So first point is, is that if you have the right portfolio, your portfolio isn’t built for just the next four years. It’s built for a longer duration in mind and it should ignore market volatility for the most part and really ignore the short-term noise. But also too, getting back to compounding. Today, when a couple reaches the age of 65, there’s a 47% chance that one of them will live to 90.
Okay. So about a 50% chance that there’s going to be 25 years of distributions. So being a financial planner for as long as I have, I’ve seen plans go from work with clients from that haven’t retired yet. I’ve worked with clients that did retire and passed away. I kind of seen full cycle and there is time. Again, I don’t know your life expectancy, right. But if we follow just average life expectancies, and if those hold true, there’s plenty of time for compounding. And I think I remember watching a show on TV, a retirement planning show, and it was very clear to me that it was not a fiduciary that was teaching the class or teaching this show on TV rather. And their point was is that when you retire, you’re going to have a dollar cost average out of your portfolio and you’ll have to lock in losses.
So the point is you do want a dollar cost to average out. That’s actually a positive. And if you execute that with prudence and diligence and follow fiduciary principles, follow time tested strategies, what research shows is that it ends up actually being a big benefit. People end up having sometimes more money than they calculated. So it does require again, execution the correct way and that prudence and due diligence.
So there’s other research that shows that when a retirement plan fails, the reason is, is that somebody was spending too much money compared to their means. That’s, again, why people will work with a financial planner is the one, I don’t know. What can we spend? We don’t perhaps don’t want to be too conservative, don’t want to be too aggressive. You want to maybe take a balanced approach and you don’t want to take distributions, enjoy the money.
So we often will have to tell some clients that you need to spend more money, or else there’s going to be more money left over then you maybe realize. We have to kind of show clients that projections. But it’s about spending the appropriate amount of money that you’re comfortable with that probability of success and your financial plan. So kind of getting back to the point of today’s podcast is compounding has that potential to occur even when you retire. So there’s again, potentially 20, 25, 30 years of distributions. If somebody has that amount of time ahead of them, there’s all sorts of different economic cycles. There’s short-term news that happens. And the best thing to do is have a well-crafted plan and stick to that.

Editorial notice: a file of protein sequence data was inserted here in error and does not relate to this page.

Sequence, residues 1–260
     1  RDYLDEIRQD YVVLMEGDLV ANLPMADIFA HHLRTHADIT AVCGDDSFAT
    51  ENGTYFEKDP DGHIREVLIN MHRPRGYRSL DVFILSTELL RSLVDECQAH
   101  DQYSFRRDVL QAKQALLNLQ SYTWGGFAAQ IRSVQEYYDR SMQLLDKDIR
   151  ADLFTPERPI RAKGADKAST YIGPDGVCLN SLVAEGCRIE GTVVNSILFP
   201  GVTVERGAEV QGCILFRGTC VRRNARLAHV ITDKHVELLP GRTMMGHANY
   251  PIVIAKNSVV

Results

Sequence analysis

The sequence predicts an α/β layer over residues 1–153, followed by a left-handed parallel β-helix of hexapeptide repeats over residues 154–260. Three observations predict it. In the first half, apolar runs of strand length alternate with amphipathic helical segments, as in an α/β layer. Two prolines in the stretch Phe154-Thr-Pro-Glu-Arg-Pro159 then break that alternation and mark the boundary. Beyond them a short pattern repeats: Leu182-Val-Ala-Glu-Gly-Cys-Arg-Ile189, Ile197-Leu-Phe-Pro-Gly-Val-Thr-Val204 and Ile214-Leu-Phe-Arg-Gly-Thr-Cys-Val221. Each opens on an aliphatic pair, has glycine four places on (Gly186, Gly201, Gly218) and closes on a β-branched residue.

With that discipline and non-emotional approach, it gives you, I think, the best odds of allowing you to participate in that compounding. So hope you felt this episode was helpful. Look forward to seeing you on the next episode. And if you have questions, love to hear from you. You can reach out to us at email@example.com. Thanks so much, have a great day now. Bye bye.
Do you want even more ideas, tools, and resources of how to achieve the next level of success in your wealth planning? Check out wealthandlife.com, where Tony will cover the latest trends and wealth planning best practices for successful business owners, families approaching retirement, and comprehensive wealth management. By subscribing to the Wealth and Life podcast, keep up to date with future episodes. Get it all now at wealthandlife.com.
Wealth and Life is created and hosted by Tony D’Amico, CEO of Fidato Wealth, a registered investment advisor. The opinions expressed in this program are for general informational purposes only and are not intended to provide specific advice or recommendations. To determine which strategies may be appropriate for you, please consult a financial planner prior to making any financial decisions. Any case examples discussed are hypothetical, and any resemblance to a particular person or business is purely incidental. Please visit wealthandlife.com for other important disclosures.